A colleague with a software business told me recently there is a strong theme in what his clients are concerned about right now. The question keeping them awake at night is “Should I introduce remote work?”
Perhaps that sounds familiar. After working from home en masse, many a business executive has begun to notice that flexible and remote work styles are potentially a low-hanging fruit to reduce business costs.
But questions plague their consideration… Can I expect the same benefit in my business as the research seems to indicate? Will remote work be a mistake that is hard to come back from? What is the real size of the risk?
The question is a tense one. On the one hand, the potential productivity benefits are significant. According to the 2014 Boston College et al National Workplace Flexibility report, managers reported that by developing a Flex Team Blueprint, they achieved productivity improvements of 20%. Similarly, when managers in the Stanford study …
On the other hand, the risks are great – risks to team culture, communication and ultimately productivity. In other words, flexible and remote work styles can sometimes put the core functions of a successful business at risk.
Over the last nine years, I have been involved in creating several tools to measure the business impact of flexible and remote work styles – I led the team that delivered the Australian Government’s Telework Return on Investment Calculator before telework.gov.au was archived. I wrote the Workplace Gender Equality Agency’s Business Case Tool, which provides equations each business can use to know if flexible and remote work are having a positive impact. And recently, when I prepared a webinar to help people assess the cost of closing their office, we revisited the return on investment calculators of other providers.
You would think that I would be thrilled to show employers how flexible and remote work styles can cut their business costs. But there is one thing that troubles me.
There are two ways to improve productivity. One helps you get great business results, the other helps you stay afloat. Anyone who has tried it, will confirm that increasing outputs in any workplace is harder than reducing costs. One of the ways to confidently increase outputs is to recognise that people are creative, responsible adults. They can be motivated to rise above, to give their all and to pursue great aims. In other words, we increase outputs with great leadership. We increase outputs by creating great workplaces.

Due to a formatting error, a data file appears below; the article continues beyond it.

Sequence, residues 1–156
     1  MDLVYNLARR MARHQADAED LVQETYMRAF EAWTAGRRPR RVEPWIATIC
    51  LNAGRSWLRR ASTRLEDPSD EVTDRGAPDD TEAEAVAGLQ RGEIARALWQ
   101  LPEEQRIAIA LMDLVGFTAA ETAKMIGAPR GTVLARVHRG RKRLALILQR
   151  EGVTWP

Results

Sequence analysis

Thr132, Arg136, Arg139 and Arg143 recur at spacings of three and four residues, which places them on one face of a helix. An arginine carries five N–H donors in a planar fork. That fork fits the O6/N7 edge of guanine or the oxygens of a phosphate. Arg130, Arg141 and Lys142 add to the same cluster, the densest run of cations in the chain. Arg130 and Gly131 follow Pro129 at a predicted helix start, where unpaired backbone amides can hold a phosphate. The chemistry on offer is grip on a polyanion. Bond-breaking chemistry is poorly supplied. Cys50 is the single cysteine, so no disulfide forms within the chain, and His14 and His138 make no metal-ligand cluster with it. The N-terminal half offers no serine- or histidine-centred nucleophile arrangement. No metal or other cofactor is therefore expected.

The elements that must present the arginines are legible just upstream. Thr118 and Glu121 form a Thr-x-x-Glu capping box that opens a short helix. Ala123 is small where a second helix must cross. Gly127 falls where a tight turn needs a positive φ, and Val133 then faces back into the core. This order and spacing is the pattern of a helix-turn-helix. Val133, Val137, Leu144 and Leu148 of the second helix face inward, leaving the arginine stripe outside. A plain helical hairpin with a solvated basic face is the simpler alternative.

No disrespect to the fact that many business leaders need to seriously look at ways to cut costs right now. However there’s a difficult question to ask – a bit of soul searching here, to avoid shooting ourselves in the foot. Are we cutting costs while also looking to create the kind of workplace where our people are going to be motivated to give back and to give more? Or are we just cutting costs? In which case, we don’t view people as an asset and…
The other concern I have about the current cost focus is that if we lose sight of what is important, a series of bad decisions could follow – keystroke monitoring, inefficient technology and insufficient change support. It is entirely possible that a few months into the new flexible and remote workstyle, a harsh management approach could set in and erode trust. Flexible and remote workplaces succeed because they tune in to what makes people tick and they offer excellent leadership – there’s no secret about that.
So beware, it is not possible to have your cake and eat it too if the main thing you want to achieve through remote and flexible work is cost cutting – you can’t cut costs alone and have a thriving flexible and remote workforce. You’ll need to create a great workplace as well, which motivates people to be involved and give their all.
Of course, understanding the potential cost savings will still be an important part of your decision making. In which case here are some essential resources:
- Return on investment calculators to get a quick analysis of the cost reduction potential of your flexible and remote work approach:
- How the US Government calculated their return on investment for work from home (telework) policies: https://theclearing.com/ideas-and-insights/how-can-federal-agencies-determine-the-return-on-investment-of-their-telework-policies/
- Metrics and reporting guide (Champions for Change): https://www.championsforchange.nz/assets/Uploads/CFC-Metrics-and-reporting-2.pdf